Syllabus for Academic Writing in English in the Social Sciences

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Syllabus

  • 7.5 credits
  • Course code: 5EN440
  • Education cycle: Second cycle
  • Main field(s) of study and in-depth level: English A1N

    Explanation of codes

    The code indicates the education cycle and in-depth level of the course in relation to other courses within the same main field of study according to the requirements for general degrees:

    First cycle
    G1N: has only upper-secondary level entry requirements
    G1F: has less than 60 credits in first-cycle course/s as entry requirements
    G1E: contains specially designed degree project for Higher Education Diploma
    G2F: has at least 60 credits in first-cycle course/s as entry requirements
    G2E: has at least 60 credits in first-cycle course/s as entry requirements, contains degree project for Bachelor of Arts/Bachelor of Science
    GXX: in-depth level of the course cannot be classified.

    Second cycle
    A1N: has only first-cycle course/s as entry requirements
    A1F: has second-cycle course/s as entry requirements
    A1E: contains degree project for Master of Arts/Master of Science (60 credits)
    A2E: contains degree project for Master of Arts/Master of Science (120 credits)
    AXX: in-depth level of the course cannot be classified.

  • Grading system: Fail (U), Pass (G)
  • Established: 2008-04-03
  • Established by: The Faculty Board of Languages
  • Applies from: week 04, 2008
  • Entry requirements: Either a Bachelor's degree with a major in social sciences, or a Bachelor's degree (any major) plus 90 credits in one of the social sciences.
  • Responsible department: Department of English

Decisions and guidelines

The syllabus was adopted by the Board of the Faculty of Languages on 2008-04-03 to be in effect as of 2008-07-01.

Learning outcomes

Upon completing the course students will
- have a good ability to write academic prose in English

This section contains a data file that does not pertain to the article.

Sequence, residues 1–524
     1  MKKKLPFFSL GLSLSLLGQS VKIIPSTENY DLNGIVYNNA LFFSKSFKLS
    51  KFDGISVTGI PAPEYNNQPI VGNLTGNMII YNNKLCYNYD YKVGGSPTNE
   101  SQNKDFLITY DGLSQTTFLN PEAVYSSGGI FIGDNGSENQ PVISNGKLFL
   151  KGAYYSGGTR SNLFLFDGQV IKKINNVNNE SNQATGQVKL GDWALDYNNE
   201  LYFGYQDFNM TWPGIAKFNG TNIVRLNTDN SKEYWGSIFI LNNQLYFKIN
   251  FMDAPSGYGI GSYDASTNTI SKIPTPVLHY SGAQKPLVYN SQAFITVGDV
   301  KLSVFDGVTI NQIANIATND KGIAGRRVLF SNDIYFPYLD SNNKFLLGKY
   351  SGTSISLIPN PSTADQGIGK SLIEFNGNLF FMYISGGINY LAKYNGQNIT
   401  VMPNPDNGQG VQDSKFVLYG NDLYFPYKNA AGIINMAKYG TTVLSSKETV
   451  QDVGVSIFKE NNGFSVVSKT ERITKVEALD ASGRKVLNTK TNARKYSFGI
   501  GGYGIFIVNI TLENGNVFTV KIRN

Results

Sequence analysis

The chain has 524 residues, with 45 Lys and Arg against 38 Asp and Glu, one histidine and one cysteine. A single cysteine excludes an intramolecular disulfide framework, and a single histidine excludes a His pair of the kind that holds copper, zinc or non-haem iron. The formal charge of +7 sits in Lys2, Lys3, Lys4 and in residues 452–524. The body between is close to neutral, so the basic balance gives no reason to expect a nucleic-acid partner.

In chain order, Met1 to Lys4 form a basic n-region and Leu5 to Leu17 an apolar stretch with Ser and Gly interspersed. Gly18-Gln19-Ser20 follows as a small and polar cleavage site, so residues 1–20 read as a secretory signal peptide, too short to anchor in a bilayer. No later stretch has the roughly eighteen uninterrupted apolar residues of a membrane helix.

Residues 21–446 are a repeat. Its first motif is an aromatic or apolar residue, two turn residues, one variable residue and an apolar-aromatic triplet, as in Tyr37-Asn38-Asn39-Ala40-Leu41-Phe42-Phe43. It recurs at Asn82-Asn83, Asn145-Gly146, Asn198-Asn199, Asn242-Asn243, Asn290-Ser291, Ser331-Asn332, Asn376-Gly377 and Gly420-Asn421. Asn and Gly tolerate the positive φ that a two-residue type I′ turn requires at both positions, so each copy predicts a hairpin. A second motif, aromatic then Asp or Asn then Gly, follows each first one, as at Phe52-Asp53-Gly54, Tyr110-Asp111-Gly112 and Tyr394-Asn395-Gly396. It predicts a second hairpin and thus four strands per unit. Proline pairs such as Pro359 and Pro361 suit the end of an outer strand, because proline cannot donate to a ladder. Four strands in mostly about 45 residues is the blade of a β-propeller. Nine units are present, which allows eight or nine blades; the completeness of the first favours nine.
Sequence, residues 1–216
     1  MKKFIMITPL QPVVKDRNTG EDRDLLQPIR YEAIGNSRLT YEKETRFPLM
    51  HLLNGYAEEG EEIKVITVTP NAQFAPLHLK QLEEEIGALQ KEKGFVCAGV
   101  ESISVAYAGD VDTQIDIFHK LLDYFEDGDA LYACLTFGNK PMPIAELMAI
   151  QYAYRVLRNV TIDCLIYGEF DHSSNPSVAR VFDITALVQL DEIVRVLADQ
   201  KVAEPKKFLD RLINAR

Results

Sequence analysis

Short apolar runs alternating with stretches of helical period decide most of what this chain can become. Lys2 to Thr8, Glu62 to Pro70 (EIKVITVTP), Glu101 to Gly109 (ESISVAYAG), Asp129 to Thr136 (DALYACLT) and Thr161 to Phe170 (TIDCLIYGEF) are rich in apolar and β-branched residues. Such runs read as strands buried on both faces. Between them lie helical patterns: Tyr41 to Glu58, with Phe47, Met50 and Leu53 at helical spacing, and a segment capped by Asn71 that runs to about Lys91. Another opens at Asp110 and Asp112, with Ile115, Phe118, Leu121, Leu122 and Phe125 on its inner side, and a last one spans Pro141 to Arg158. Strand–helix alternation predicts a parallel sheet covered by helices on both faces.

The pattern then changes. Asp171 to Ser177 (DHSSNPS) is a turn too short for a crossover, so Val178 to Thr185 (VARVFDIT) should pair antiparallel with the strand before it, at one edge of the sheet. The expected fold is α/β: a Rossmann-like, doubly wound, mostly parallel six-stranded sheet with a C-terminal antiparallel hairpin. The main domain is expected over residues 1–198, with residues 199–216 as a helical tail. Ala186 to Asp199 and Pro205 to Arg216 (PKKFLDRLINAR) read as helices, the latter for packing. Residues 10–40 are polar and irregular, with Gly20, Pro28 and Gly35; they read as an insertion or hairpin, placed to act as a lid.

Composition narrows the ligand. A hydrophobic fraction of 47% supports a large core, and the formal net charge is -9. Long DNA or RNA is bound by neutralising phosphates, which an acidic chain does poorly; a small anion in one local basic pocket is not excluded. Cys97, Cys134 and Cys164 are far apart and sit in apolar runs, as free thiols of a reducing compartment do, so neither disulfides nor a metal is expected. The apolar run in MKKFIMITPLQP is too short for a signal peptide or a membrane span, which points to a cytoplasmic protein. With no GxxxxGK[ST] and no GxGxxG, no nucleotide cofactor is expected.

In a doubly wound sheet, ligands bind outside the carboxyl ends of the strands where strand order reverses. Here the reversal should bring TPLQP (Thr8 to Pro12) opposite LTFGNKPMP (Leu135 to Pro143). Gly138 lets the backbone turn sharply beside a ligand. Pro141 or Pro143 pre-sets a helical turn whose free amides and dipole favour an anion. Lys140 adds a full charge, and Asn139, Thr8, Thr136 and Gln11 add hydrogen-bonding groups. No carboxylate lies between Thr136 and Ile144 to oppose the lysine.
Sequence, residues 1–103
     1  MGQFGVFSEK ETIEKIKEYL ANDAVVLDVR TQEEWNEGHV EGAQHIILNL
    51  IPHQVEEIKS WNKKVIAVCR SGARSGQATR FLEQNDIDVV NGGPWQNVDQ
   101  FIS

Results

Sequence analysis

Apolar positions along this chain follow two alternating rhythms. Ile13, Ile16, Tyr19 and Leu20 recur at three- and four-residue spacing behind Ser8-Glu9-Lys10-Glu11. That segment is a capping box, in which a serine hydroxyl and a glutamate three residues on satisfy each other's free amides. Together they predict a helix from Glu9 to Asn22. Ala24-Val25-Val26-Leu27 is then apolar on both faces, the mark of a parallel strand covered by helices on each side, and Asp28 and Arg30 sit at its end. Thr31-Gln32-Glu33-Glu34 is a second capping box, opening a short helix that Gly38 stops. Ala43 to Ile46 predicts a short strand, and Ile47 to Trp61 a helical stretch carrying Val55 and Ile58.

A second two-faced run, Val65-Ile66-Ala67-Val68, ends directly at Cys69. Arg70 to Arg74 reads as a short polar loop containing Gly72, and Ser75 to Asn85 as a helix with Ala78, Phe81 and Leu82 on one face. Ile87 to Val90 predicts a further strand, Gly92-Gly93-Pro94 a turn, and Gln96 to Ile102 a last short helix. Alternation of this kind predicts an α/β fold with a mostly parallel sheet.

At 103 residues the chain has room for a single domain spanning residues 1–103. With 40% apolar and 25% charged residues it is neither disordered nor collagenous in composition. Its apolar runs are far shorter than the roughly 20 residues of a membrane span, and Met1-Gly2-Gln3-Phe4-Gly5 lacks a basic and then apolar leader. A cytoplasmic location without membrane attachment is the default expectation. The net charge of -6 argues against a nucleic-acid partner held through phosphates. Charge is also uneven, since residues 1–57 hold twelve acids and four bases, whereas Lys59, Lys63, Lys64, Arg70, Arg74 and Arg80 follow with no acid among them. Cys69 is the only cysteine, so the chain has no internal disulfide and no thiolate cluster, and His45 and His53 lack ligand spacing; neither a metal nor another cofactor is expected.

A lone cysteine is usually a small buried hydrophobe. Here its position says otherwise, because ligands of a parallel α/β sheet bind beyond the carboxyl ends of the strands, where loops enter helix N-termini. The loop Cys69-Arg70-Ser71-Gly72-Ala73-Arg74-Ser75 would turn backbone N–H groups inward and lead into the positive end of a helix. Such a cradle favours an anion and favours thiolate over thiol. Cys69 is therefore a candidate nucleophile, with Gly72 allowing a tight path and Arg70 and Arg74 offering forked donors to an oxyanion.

- have a good familiarity with the formalities of academic writing
- be able to present their research findings in a clear and structured manner
- have a good ability to read English texts in their field and discuss them in English
- have a good awareness of various genres

Content

The course comprises practical exercises in writing abstracts, summaries of academic works, reviews, conference presentations, and sections of essays. The focus lies on enhancing students' awareness of the importance of the writing process in research work. In a workshop setting participants read and discuss each other's texts against the background of recent theories about written academic discourse.

Instruction

Group instruction. All teaching materials are in English.

Assessment

Examination is done partly in the form of continuous reports and written assignments and partly in the form of a final limited written presentation. Grades used are either Fail or Pass.

Students who do not achieve a passing grade on the regular examination will have another opportunity to take the examination within a reasonable period of time after the regular examination.

Students who fail a certain examination twice have the right upon request, following consultation with the head of department, to have another examiner appointed.

Course level in relation to degree requirements

The course is intended to add breadth to studies and cannot be counted as an in-depth course toward a degree.

Transitional provisions

For transitional regulations in the case of changes in the syllabus, please contact the student adviser.

Other directives

If the syllabus or course reading for a component has been changed, students have a right to be examined under the original syllabus and course reading on two occasions during the following semester. Normally this right then expires. Otherwise there are no limitations on the number of examination opportunities.

Results that are more than five years old are normally not recognised if the syllabus for the course component has been changed.

Questions about the right to count the course toward a Master's degree are decided by the participants' respective departments.

Reading list

Reading list

Applies from: week 04, 2008

  • Swales, John M.; Feak, Christine B. Academic writing for graduate students : essential tasks and skills

    3., [rev. and expanded] ed.: Ann Arbor: The University of Michigan Press, 2012

    Find in the library

    Mandatory